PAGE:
“Behold, What Manner Of Love!”: A Divine Family Of Human Sons And Daughters -- By: Thomas N. Smith
RAR 7:2 (Spring 1998) p. 13
“Behold, What Manner Of Love!”:
A Divine Family Of Human Sons And Daughters
It was the German pastor-theologian Helmut Thielicke who described the Bible as “the history of a great love, of a great search.” I join step with him and say that the Bible is the story of a desire and a design, the desire and the design of God to have a family, a human family.
The idea is staggering. Indeed, it is perhaps the most surprising, the most amazing statement made in the entire Christian proclamation. Viewed from any perspective such an idea is astonishing. Human is, after all, human. As such we are a tangled skein of weaknesses, vulnerabilities, potential moral outrages and actual petty ones. We are (in a word and in every sense of the word) mean: we are little things and have the enormous capacity of being nasty little things.
In the face of this, the brazen face of it, the Bible speaks of God and of grace in the same breath it speaks of “the grace of God.” From the very beginning of the history of this great love, this great search, this grace is evident in God’s persistent intention to have a human family who will share in His own intrinsic happiness. In a word, God, the glorious, self-sufficient, self-existing God—the blessed, happy God—willed to be the Father of a human family. This is the grand idea behind all discussions of the fatherhood of God.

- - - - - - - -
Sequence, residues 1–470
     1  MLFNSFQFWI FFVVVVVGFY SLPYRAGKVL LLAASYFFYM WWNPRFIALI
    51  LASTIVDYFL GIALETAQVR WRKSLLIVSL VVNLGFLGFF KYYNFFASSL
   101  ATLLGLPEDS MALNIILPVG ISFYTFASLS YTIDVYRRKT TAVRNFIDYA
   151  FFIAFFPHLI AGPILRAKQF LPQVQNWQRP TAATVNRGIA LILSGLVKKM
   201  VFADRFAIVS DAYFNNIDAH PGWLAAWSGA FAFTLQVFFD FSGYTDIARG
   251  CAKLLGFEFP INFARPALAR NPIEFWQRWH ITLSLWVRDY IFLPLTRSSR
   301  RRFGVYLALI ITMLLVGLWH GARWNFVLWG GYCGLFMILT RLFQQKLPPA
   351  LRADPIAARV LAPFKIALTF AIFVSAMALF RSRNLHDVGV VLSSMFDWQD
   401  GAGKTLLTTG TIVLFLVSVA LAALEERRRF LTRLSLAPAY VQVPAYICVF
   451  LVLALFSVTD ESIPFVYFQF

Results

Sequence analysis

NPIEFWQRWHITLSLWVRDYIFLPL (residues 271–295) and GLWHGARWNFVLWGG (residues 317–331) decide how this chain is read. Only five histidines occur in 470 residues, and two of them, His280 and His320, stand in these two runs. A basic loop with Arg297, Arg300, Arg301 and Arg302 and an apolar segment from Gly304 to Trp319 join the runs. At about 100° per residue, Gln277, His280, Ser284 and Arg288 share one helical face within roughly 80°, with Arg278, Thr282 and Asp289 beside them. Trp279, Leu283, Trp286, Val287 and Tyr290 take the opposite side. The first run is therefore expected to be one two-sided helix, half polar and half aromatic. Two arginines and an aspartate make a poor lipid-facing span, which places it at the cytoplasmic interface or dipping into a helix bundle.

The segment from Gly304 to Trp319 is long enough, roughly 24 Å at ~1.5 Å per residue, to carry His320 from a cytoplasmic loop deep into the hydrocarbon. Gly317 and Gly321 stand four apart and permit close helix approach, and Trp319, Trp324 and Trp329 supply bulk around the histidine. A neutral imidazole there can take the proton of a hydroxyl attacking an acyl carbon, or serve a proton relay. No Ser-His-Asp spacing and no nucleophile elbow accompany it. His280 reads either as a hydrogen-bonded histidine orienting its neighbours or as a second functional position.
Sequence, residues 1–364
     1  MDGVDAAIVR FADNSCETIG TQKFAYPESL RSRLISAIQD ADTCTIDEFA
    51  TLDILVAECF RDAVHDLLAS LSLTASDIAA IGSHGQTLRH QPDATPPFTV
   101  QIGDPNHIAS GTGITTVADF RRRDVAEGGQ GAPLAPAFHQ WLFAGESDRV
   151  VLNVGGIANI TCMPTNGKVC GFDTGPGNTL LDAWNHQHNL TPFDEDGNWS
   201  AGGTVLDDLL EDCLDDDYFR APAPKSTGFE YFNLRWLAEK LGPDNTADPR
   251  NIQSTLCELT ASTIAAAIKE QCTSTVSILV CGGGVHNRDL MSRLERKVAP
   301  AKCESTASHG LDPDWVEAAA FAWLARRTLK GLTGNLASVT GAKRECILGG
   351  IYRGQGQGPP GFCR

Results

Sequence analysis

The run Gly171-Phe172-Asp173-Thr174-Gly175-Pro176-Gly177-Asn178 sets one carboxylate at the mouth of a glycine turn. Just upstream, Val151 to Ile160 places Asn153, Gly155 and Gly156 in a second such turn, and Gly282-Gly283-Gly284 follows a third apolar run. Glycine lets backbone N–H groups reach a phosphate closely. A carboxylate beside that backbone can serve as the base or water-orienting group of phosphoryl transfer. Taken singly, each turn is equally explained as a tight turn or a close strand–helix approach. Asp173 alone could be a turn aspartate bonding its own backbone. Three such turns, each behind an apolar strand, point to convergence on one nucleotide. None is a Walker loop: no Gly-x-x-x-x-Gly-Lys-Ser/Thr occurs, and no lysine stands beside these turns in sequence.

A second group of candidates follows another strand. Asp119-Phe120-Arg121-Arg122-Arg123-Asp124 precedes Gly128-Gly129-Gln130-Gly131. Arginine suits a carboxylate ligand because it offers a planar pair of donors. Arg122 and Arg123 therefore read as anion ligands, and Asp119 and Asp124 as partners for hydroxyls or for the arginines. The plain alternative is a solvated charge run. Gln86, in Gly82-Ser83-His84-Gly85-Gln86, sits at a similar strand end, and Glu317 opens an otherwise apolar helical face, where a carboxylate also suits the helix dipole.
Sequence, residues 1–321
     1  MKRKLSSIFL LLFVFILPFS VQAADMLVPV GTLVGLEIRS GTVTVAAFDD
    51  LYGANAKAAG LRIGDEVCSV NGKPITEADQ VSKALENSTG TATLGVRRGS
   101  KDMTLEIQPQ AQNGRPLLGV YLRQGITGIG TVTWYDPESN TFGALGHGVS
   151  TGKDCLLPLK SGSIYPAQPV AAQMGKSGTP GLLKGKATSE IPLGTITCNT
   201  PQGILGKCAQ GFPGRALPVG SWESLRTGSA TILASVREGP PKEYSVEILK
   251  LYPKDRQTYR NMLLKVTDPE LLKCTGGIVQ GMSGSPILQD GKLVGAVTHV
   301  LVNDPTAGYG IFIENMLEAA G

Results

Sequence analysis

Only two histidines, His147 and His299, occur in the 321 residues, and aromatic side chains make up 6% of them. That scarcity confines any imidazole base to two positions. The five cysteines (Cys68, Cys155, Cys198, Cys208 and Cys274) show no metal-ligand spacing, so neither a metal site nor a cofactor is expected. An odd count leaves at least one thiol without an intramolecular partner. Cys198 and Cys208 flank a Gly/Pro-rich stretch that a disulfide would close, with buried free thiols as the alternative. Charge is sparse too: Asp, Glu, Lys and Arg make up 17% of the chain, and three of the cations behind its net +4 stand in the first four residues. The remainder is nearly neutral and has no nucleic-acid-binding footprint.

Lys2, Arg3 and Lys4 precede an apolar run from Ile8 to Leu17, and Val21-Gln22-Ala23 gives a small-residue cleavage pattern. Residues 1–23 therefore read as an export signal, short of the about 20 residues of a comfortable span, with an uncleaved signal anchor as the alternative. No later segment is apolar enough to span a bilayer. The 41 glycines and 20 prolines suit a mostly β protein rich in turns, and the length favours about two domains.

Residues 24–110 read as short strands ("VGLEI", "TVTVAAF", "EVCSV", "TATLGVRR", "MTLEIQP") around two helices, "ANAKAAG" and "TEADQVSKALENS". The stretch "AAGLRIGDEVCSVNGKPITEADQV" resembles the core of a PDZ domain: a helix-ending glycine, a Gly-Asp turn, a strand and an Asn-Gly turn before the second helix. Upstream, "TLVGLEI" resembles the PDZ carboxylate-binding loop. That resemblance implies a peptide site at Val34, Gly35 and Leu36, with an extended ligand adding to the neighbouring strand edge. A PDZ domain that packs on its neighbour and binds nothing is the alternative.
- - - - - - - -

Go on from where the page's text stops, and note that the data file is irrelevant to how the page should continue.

In The Beginning
The creation of the world was the formation of “a glorious
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theater” (Calvin) of operations where the glorious God displayed His infinite excellencies, His glory. But, more than a theater, the creation was to be a well-furnished home for this apex of His creation, man—male and female. From the inception, this man and woman were marked out as children of God. The image-likeness language of Genesis 1:26–27 is the language of sonship. It is language similar to that which I regularly hear when people say to me of my twelve-year-old son, Evan, “He’s the spitting image of his daddy.” That this is the writer’s intention in Genesis is underscored by the parallels drawn with the same language in Genesis 5:1. Luke (hearkening back to the genealogy of Genesis 5) is even more explicit: “… Adam, the son of God” (Luke 3:38). Adam and Eve thus formed the first human family of God. While the transgression of the first family members threatened this familial bond, and grossly disturbed it, even in sin, man still remained the son God searched for (You must have a subscription and be logged in to read the entire article.
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